Most of that activity has been driven by bankruptcies, because qualified applicants in North America can still get new addresses directly from ARIN, according to Curran. He expects inter-regional transfers to accelerate the activity.
One facilitator, Kalorama Group, said the new policy will make its job easier and may affect the market for IPv4 addresses.
"Today, when we have a demand party coming from a region outside of ARIN, we need to match them with supply in their own region," said Josh Bourne, Kalorama's managing director. Opening up transfers should make more potential partners available.
But the change may also even out prices between different regions, Bourne said. Prices within North America have changed little since Microsoft's purchase of 666,624 IPv4 addresses from Nortel Networks last year, one of few such deals made public. The price Microsoft paid came out to approximately $11.25 per address.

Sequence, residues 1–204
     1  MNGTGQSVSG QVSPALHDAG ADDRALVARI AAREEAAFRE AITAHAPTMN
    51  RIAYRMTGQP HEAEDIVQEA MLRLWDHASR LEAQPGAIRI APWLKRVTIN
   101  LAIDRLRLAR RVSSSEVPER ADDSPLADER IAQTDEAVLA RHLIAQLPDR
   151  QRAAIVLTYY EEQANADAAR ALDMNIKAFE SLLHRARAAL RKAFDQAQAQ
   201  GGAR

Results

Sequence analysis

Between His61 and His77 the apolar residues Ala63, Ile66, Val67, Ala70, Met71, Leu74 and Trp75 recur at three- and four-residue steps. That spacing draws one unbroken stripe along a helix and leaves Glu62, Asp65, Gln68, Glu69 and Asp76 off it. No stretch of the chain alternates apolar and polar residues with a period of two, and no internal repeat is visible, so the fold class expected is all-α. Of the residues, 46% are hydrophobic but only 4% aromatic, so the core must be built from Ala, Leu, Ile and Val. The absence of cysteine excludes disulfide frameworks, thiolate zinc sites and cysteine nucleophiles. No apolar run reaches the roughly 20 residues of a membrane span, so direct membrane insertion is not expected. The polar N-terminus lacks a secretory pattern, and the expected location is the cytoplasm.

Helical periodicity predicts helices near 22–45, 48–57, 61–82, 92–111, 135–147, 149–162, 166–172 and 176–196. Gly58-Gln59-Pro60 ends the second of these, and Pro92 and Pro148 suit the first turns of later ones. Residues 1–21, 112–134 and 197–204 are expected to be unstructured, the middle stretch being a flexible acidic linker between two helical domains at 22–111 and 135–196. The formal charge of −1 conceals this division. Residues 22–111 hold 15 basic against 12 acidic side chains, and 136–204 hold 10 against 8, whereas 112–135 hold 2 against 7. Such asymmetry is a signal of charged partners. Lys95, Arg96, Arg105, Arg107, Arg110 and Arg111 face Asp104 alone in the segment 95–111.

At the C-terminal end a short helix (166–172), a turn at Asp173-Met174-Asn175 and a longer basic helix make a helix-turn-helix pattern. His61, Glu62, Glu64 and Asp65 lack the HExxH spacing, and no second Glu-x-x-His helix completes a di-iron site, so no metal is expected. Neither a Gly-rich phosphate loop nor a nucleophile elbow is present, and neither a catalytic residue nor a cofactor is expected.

Prices in Asia-Pacific are between 50 percent and 100 percent higher than in North America because of greater scarcity, according to Bourne. Inter-regional transfers could lower the cost for buyers in Asia, while driving it up for those in North America, he said.
If extended more widely, inter-regional transfers could become a global phenomenon. ARIN and APNIC are just the first RIRs to approve them, and all the other RIRs -- for Africa, Latin America, and Europe and the Middle East -- are discussing such policies, APNIC's Wilson said.
But both Curran and Wilson said snapping up IPv4 addresses only makes sense as part of a transition to IPv6. There are only about 4.3 billion IPv4 addresses, less than one for every person in the world. IPv6 offers many orders of magnitude more addresses.
"We probably need 40 or 50 billion IP addresses," Curran said. "So we can move around the v4 ones to better use them, but I don't know if a lot of companies are going to invest significantly in them, because it's recognized that there's only so much life left in that engine."
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